maca roots directly imported from
Peruvian Andes, tablets, 2400 mg/d,
1200 mg/d, 2 daily for 12 weeks, n
= 25), no follow-up
(B) Placebo tablets
(2400 mg/d, 1200
mg/d, 2 daily for
12 weeks, n = 25)
IIEF-5 Intergroup: MD,
1.10 [0.61, 1.59],
P < 0.001
n.r.
Within group:
(A) P < 0.05,
(B) P < 0.05
Brooks
(2003)
[22]
Australia
16 healthy
postmenopausal
women with
moderate severity of
menopausal
symptoms
(A) Maca (company commercial
product, dried maca powder, 3500
mg/d, daily for 6 weeks, n = 14), 6
weeks follow-up
(B) Placebo
(refined white rice
flour, 3500 mg/d,
daily for 6 weeks,
n = 14)
Sexual
dysfunction
(GCS)
Intergroup: MD,
0.70 [0.08, 1.32], P < 0.05
n.r.
54 (SDs, 11)
(0/16)
>12 months
amenorrhea
Within group:
A) P < 0.05,
(B) NS
Gonzales
(2002)
[23] Peru
57 adult healthy men
21-56
(57/0)
N/A
(A) Maca (company commercial
product, gelatinised maca, 1500 mg/
d; 500 mg/d, 3 tablets, daily for 12
weeks, n = 30), no follow-up
(C) Placebo tablets
(n.r., daily for 12
weeks, n = 12)
Self-
perception
on sexual
desire
Intergroup: MD,
0.51 [-0.35, 1.37], NS at 4
weeks; MD, 1.64 [1.07, 2.21], P
< 0.008 at 8 weeks; MD, 1.64
[1.07, 2.21], P < 0.006 at 12
weeks
n.r.
(B) Maca (company commercial
product, gelatinised maca, 3000 mg/
d; 500 mg/d, 6 tablets, daily for 12
weeks, n = 15), no follow-up
Within group:
(A) P < 0.05 at 4, 8, and 12
weeks,
(B) NS at 4, 8, and 12 weeks
Stone
(2009)
[24] UK
8 experienced and
endurance trained
male (cyclists)
(A) Maca (company commercial
product, gelatinised maca, 2000 mg/
d for 2 weeks, n = 8), no follow-up
(B) Placebo
capsules (Arabic
gum, n = 8)
Sexual
Desire
Inventory
Intergroup: MD,
6.38 [-11.32, 24.08], NS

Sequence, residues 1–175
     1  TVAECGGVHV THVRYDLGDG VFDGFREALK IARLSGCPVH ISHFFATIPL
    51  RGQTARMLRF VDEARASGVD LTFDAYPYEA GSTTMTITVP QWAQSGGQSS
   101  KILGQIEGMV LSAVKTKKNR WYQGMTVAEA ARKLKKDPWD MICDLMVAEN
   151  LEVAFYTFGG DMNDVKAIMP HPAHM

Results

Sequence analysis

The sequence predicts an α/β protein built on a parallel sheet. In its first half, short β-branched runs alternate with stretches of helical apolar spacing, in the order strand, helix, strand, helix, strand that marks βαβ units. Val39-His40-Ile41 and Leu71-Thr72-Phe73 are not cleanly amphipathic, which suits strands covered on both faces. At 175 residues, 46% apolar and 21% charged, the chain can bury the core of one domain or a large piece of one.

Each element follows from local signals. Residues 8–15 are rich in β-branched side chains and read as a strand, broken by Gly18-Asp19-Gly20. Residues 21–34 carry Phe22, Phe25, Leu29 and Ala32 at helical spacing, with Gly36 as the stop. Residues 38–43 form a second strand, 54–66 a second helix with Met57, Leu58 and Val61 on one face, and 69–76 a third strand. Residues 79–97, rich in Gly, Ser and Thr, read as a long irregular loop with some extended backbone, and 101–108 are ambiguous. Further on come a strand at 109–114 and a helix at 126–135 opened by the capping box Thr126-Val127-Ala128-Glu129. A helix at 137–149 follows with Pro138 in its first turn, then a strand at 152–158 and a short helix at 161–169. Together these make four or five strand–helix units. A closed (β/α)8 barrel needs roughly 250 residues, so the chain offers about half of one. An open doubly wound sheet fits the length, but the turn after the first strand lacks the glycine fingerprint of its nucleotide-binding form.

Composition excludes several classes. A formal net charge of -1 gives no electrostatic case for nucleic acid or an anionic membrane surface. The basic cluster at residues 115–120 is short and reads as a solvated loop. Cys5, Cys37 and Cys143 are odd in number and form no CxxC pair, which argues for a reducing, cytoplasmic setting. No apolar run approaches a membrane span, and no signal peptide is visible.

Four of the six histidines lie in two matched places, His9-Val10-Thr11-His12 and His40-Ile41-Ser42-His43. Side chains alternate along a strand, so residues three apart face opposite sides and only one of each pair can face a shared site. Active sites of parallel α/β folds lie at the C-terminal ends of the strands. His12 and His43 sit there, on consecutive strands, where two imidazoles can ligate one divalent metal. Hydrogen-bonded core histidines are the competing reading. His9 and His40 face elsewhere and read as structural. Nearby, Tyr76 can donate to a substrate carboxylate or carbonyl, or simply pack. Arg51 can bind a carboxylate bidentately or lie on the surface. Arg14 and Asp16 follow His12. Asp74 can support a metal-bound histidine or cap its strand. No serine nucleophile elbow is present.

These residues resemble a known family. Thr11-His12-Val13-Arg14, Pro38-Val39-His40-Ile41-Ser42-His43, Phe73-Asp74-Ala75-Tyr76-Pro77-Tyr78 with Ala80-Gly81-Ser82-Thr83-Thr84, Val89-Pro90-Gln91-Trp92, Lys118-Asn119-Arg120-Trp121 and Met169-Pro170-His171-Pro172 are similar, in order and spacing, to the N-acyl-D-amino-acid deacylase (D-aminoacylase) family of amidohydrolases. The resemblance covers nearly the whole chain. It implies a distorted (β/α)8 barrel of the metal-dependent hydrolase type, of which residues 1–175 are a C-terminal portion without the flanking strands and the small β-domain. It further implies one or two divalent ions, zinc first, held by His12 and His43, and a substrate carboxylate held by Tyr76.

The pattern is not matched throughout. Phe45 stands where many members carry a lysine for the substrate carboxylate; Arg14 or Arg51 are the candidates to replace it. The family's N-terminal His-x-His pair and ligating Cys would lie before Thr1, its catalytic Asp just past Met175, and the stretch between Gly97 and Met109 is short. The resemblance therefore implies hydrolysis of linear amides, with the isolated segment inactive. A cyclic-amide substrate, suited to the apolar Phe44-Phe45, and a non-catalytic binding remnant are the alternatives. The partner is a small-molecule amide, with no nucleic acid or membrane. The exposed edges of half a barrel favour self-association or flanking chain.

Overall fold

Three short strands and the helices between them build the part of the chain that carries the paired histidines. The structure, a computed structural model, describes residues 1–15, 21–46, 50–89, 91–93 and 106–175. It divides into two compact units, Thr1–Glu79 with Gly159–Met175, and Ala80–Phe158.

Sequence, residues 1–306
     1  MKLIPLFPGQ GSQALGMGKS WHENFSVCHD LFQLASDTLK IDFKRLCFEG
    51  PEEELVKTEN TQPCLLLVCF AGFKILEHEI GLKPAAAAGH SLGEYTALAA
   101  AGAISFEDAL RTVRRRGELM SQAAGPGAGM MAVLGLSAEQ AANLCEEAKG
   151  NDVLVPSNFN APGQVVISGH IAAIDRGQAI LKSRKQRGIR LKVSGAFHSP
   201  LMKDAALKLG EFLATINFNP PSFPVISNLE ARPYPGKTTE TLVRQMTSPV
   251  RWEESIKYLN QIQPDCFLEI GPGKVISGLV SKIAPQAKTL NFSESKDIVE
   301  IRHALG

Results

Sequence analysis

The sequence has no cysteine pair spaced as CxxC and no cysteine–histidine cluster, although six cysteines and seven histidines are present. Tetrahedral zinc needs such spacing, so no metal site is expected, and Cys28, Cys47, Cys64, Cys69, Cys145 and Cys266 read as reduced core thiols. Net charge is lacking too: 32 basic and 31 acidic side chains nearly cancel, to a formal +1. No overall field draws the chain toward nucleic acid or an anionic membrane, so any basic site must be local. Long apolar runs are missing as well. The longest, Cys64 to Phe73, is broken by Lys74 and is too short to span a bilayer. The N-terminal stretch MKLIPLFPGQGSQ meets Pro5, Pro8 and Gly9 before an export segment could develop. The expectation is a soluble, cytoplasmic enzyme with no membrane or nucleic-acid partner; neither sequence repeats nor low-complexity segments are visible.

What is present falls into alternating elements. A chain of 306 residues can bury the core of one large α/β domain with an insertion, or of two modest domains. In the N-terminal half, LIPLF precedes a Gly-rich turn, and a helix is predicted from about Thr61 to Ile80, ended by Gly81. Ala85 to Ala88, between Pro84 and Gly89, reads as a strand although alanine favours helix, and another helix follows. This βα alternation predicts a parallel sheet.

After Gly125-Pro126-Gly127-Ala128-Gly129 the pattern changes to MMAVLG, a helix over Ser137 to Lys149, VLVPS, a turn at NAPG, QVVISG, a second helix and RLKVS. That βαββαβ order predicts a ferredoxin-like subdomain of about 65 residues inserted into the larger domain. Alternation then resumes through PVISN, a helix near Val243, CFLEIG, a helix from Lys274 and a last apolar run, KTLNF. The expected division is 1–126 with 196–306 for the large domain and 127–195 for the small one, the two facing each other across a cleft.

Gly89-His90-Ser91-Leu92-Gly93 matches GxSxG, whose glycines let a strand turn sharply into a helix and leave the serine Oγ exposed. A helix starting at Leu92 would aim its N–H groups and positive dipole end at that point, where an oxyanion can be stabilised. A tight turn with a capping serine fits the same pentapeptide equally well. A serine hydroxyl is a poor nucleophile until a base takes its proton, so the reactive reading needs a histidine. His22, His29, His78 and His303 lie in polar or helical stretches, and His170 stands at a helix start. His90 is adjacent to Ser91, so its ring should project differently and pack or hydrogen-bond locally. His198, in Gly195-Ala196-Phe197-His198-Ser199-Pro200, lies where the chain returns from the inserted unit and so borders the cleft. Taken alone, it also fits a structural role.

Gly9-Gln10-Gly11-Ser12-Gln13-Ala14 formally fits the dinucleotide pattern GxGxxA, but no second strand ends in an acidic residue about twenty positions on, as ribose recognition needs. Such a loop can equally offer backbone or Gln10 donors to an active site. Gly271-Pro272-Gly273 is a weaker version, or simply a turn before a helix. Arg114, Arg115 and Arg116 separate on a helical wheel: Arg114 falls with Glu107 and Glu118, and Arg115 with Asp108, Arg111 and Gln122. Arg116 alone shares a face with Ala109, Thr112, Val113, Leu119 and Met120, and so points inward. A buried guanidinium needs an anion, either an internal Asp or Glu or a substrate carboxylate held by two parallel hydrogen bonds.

n.r.
30 (SDs, 7)
8/0
N/A
Cross-over (1 week
washout period)
Within group:
(A) P = 0.01,
(B) P = 0.90
ED: erectile dysfunction; GCS: Greene Climacteric Scale; IIEF-5: International Index of Erectile Dysfunction; NS: not significant; n.r.: not reported; SDs: standard
deviations
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Outcomes
Patients with sexual dysfunction
One RCT compared the effects of maca vs. placebo
treatments in patients with erectile dysfunction. This
trial [21] showed positive e ffects of maca on the IIEF-5
in patients with mild ED compared to the placebo con-
trol (MD, 1.10, 95% CIs, 0.61 to 1.59, P < 0.001) [21].
Healthy volunteers
Three RCTs tested the effects of maca vs. placebo on
sexual function in healthy postmenopausal women [22],
healthy adult men [23] o r male cyclists [24]. One RCT
[22] reported positive effects of maca on sexual function
in healthy menopausal women compared with the pla-
cebo control (MD, 0.70, 95% CIs, 0.08 to 1.32, P < 0.05).
The other RCT [23] tested both a high dosage of maca
(3 g/d) and a low dosage of maca (1.5 g/d) on sexual
desire compared to a placebo control and reported posi-
tive effects of both dosages of mac a after 8 weeks (MD,
1.64, 95% CIs, 1.07 to 2.21, P < 0.01) and 12 weeks
(MD, 1.64, 95% CIs, 1. 07 to 2.21, P < 0.01). The further
RCT [24], which had a very small sample size, failed to
show positive effects of maca in the improvement of
sexual desire (MD, 6.38, 95% CIs, -11.32 to 24.08, NS).
Adverse effects
None of included trials attempted to asse ss the adverse
effects of maca.
Discussion
Few RCTs have tested the effects of maca on sexual
function. This review found limited evidence from four
small trials that suggested that maca is effective in
Figure 1 Flow chart for the selection of included trials. RCT: randomised clinical trial; UOS: uncontrolled observational study.
Shin et al. BMC Complementary and Alternative Medicine 2010, 10:44
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improving sexual des ire after at least 6 weeks. However,
this finding is limited because the studi es were un der-
powered. In particul ar, two studies found no effect after
2 or 4 weeks of treatment. Evidence from other studies
suggests that maca may be effective for sexual dysfunc-
tion in patients with ED and postmenopausal women
after 12 weeks or 6 weeks, respectively. However, the
total numb er of trials, the total sample size, and the
average risk of bias in the primary stud ies were too lim-
ited to draw firm conclusions.
All o f the RCTs employed double-blind methods, but
none of the included trials reported methods of
sequence generation for randomisation and allocation
concealment. Trials with inadequate sequence genera-
tion and inadequate allocation concealment are likely to
show exaggerated treatment effects [25] and thus limit
the reliability of the study results. Although all included